I ended up at my uncle’s real estate business for a couple of years as a start of some sort of traditional career. I did enjoy it but I mostly enjoyed taking lovely pictures at people’s homes and gardens, talking to customers, writing lovely words about each unique and special place that was on sale. I wanted the right buyer to find the right place for them. It really was the first seed to see that photography can be magic as a tool. An honest but well-pointed shot could sell a million dollar house very fast.

I thought it was my parents being busy but it was part of the big plan. I had to do it by myself. We all have to do it by ourselves. All our little steps are necessary. The ones that are steep and hard and lead to a change are the most important steps. They are there to take us further and higher.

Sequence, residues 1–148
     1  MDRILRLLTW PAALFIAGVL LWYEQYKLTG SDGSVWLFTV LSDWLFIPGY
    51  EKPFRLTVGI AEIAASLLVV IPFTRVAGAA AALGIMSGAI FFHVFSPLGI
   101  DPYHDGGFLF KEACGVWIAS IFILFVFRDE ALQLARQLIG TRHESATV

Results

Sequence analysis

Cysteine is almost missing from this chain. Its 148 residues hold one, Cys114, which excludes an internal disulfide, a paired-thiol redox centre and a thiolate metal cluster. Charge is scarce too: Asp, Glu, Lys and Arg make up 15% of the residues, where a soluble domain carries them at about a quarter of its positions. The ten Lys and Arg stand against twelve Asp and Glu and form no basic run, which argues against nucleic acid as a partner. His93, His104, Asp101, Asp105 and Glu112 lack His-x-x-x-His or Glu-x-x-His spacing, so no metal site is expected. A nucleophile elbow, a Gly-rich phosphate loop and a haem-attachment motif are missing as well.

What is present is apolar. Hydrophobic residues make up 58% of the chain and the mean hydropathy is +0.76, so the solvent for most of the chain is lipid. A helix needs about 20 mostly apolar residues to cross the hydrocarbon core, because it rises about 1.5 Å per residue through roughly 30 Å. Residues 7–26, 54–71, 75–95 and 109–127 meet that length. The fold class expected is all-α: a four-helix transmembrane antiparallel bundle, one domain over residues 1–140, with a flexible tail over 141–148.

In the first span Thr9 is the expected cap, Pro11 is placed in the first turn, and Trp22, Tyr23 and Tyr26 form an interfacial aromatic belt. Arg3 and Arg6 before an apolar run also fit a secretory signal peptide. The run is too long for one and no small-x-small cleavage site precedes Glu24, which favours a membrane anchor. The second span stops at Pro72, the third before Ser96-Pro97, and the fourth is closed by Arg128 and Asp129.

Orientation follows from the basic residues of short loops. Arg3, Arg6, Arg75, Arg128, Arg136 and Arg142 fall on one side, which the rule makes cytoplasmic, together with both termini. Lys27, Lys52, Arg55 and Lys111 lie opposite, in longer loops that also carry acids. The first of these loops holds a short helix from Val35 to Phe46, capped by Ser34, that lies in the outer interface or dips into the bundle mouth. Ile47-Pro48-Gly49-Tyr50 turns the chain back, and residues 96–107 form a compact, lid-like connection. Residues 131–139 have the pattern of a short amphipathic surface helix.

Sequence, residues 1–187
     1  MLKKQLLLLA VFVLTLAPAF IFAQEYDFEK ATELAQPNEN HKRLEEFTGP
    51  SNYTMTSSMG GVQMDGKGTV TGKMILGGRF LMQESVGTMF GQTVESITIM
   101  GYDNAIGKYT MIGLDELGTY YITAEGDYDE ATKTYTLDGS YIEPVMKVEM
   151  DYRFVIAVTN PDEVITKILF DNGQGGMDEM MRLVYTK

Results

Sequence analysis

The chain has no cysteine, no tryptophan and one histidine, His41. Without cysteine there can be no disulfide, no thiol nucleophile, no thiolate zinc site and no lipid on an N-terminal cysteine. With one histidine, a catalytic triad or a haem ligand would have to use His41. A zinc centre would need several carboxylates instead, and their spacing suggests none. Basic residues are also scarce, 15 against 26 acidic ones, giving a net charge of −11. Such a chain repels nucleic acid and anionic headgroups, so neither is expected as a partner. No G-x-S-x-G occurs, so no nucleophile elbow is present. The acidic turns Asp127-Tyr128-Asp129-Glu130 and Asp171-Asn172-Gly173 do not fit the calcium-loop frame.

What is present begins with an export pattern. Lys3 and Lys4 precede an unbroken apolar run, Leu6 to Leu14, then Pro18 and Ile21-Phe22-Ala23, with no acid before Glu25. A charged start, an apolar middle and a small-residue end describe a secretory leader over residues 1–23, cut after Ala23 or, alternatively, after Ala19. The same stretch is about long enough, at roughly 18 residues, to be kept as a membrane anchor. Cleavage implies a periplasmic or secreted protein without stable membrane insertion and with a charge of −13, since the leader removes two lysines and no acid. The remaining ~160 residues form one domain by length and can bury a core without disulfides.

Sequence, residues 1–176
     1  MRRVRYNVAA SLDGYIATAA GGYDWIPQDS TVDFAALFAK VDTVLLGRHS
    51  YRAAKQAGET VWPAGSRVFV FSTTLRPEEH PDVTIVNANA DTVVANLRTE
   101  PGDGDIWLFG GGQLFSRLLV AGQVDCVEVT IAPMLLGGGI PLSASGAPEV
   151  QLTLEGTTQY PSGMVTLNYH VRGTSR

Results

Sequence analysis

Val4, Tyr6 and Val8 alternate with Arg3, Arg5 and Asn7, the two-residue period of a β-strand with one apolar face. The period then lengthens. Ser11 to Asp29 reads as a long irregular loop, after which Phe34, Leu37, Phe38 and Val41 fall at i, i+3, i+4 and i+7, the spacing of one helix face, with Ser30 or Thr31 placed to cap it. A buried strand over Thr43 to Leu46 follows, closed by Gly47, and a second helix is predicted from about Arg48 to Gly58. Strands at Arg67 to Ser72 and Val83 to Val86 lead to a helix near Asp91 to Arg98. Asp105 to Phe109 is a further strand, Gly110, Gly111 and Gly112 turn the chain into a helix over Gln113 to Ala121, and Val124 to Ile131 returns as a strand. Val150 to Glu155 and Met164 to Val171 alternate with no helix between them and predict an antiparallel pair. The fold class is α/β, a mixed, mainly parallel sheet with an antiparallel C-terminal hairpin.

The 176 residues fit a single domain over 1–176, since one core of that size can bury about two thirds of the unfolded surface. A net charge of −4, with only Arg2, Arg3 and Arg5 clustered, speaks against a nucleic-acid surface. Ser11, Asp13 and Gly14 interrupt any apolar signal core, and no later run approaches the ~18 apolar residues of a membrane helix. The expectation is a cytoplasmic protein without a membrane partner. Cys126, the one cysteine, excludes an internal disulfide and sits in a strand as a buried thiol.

Outside of the agency window life went on and people were colourful and laughing and I felt as though my life had slowed down too much. It had stopped. The colours were gone. Love came as that powerful energy that swept me away to London. New steps had to be taken to follow a different path. New unique things to live, love and learn.

wedding in hungary, wedding in budapest

Has photography always been in your blood?

No. But looking at what is right now and right here has. To ‘paint with light’ is to have the eyes open; to see. I have not only seen the world, but I have felt it too. To have a camera in front of the eye and press the exposure button or never press the button is the same. But if the brain wants to categorize the now it will say that now is always new. But even if it is new it is now. New Now. Now New. Now is now.

It is always the same moment.
When you think about it. Everything is in the now.

Why run away to the next? It will not hold anything better or more beautiful than what the now now holds.
In photography that is the question: Why keep this specific now forever? It is only an old now when you look at it.